As always we see many little deer, who seem to survive being hunted for food here in Mwadui. The Dik-dik are very shy and very quick and we seem to have specially little families of these cute little antelope which we're blessed to see often.
Dik-dik poised on a bank ready for flight at the first sign of danger!
Two dik-dik stop and look back towards us
On our night drives we came across several dik-dik as well. This time they freeze in the light of our very powerful flashlight. An acquaintance with a large hunting concession in southern Tanzania gave us this torch after he'd seen us use the industrial mining torch. He says that this special flashlight does not harm the animals' eyes when directed on them. Mmm, this statement gave me food for thought; obviously this man has humane principles when taking overseas visitors to hunt on his land!
Dik-dik seen at night
A Three-banded Plover seen in our hunting flashlight on the road
A little further along on the same night, we stopped for a rather large frog to cross the road in front of the vehicle
Early one evening Grant stopped at the explosives magazine where I took a photo of this bee-hive on the razor wire. These nests aren't permanent as it was gone when we passed there two days later
At the same time we saw dozens of small frogs hopping across the road in front of the vehicle. I got out and managed to get photos of a few as they hopped to safety behind the wire!
These were very small frogs
Although we had Emerald Spotted Doves in our valley garden within the Great Rift Valley, Kenya, we'd not seen this pretty bird here in Tanzania. Until last week...
One evening as we drove onto the airstrip, I noticed a movement on a pole near the road. Grant stopped and I took several photos of a small raptor enjoying its evening meal. The light was already fading and I was sorry when I downloaded the photos to see that they were not of a good quality. However,for us it was a lifer.Red-necked Falcon - a lifer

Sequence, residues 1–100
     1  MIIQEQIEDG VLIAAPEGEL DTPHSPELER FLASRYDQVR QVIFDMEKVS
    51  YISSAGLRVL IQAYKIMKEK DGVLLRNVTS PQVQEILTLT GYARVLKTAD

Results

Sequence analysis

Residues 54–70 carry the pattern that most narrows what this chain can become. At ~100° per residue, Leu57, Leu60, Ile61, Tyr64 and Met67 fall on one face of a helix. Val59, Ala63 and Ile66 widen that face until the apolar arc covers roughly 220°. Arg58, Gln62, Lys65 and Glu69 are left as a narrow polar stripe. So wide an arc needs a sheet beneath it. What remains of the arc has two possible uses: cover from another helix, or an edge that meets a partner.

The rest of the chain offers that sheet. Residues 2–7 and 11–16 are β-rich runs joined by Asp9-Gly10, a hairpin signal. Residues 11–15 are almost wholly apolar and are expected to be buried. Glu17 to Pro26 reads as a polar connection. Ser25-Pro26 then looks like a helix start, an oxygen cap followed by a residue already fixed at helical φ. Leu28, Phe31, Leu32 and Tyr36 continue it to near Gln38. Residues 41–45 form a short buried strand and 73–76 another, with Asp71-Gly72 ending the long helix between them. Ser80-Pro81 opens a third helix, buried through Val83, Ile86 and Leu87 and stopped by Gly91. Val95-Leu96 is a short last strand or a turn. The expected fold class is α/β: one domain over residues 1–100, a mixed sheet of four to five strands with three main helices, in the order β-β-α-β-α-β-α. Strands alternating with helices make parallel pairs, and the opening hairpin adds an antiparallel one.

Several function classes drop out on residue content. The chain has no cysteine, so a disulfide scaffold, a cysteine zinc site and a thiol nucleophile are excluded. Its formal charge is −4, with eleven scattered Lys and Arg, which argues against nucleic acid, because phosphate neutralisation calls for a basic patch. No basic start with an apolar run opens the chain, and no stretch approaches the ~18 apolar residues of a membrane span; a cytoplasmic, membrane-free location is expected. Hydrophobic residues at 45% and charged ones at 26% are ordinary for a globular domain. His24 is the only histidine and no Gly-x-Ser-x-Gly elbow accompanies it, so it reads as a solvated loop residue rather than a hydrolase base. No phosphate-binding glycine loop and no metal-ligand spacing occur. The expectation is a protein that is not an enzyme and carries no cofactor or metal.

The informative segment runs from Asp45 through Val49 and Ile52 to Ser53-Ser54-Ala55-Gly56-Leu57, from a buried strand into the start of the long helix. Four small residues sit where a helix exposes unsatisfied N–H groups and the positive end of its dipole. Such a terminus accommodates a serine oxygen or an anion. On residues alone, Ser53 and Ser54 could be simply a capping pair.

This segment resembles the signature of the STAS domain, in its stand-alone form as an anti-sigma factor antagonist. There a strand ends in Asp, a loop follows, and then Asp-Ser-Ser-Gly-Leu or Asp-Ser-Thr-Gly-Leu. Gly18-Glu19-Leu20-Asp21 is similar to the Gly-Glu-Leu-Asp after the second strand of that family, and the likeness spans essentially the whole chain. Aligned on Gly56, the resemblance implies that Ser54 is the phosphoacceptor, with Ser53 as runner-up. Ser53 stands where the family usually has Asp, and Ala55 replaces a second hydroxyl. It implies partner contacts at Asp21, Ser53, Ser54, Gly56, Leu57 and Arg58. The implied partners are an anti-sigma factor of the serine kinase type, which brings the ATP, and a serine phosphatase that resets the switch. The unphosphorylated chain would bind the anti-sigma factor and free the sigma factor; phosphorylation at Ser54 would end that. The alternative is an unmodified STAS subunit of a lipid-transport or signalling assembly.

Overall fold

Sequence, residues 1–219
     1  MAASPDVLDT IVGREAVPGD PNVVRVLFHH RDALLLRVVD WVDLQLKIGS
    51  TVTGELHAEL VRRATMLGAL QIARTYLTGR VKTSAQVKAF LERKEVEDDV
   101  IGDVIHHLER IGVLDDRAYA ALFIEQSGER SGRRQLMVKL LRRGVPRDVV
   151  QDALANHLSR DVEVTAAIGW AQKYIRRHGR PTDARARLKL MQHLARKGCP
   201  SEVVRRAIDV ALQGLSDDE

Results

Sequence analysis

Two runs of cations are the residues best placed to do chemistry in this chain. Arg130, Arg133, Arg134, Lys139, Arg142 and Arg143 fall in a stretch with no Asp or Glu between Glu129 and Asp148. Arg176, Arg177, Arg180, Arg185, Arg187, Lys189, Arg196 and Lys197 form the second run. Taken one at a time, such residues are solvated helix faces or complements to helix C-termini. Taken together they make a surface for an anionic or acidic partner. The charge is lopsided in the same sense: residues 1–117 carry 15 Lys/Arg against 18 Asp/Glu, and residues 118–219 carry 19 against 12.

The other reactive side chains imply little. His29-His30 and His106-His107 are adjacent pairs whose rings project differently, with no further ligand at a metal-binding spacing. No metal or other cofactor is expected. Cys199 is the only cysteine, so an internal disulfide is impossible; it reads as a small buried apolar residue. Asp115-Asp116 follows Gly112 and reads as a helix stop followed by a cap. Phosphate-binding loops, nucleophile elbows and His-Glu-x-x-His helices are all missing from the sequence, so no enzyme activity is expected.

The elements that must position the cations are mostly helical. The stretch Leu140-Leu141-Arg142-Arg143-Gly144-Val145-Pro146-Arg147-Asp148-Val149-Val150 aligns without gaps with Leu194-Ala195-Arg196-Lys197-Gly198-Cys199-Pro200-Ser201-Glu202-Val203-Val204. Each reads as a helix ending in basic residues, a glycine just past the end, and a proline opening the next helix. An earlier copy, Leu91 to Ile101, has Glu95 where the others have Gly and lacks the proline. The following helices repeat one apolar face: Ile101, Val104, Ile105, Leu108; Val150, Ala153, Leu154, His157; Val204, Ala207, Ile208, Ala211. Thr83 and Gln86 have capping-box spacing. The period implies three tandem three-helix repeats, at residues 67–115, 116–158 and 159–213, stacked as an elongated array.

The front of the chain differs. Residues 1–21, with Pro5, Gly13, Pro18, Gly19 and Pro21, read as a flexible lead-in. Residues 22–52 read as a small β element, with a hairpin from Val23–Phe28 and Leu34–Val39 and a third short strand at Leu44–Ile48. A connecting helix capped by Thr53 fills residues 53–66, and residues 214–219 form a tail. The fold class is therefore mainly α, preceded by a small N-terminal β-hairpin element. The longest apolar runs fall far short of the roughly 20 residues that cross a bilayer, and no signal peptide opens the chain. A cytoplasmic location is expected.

We'd sent these photos to Jez for confirmation on my id that it was a Red-necked Falcon. I was rather touched when I saw he'd forwarded the photos to the bird boffins in Dar Es Salaam with the comment: "Some very good photos of Red-necked Falcon from Jo."
The Red-necked Falcon seemed to be devouring a rather substantial meal of snake
That same evening as we drove off the mine and into the bush, I spotted a large cat-shaped animal standing next to the road. Grant had already passed the spot, and although we reversed, the animal had been alerted and was slinking into the bush. I managed to get one photo of it.
And, on the home front?
Just before we went out on leave at the end of April, I posted how our Guest House askari, Mataluma told me that there was a very small bird roosting a tree down the road from our house. He lead me there, and when he pointed to the well-camouflaged bundi/owl, I couldn't believe that he'd discovered this bird. (In retrospect, I think he saw it flying in there one morning and had a look. Knowing that Bibi loves birds, he told me about it! )
The tree in the foreground in which the African Scops-owl roosts every day
I found the following information on the habits of the African Scops-owl on Google. (I omitted the statement which says that the African Scops-owl is endemic to South Africa, for as can be seen, we have this little owl right here in our town in Northern Tanzania.
African Scops-Owl is a nocturnal species. During the day, it roosts on a branch and stands upright, long and slender, with erect ear-tufts, and closing its eyes to slits. It is very well camouflaged with its cryptic plumage when perched against the bark of a tree trunk.
It often returns on the same site each day for roosting, among tangled branches, or against a vertical branch where it is very difficult to see it.
At night, its head appears rounded, and the ear-tufts are tucked away.
It hunts primarily on small animals, diving from a low perch to scoop its food up from the ground.
I'm linking my post to Saturday Critters Party with Eileen which you can visit by clicking here
I hope you're all having a really wonderful weekend.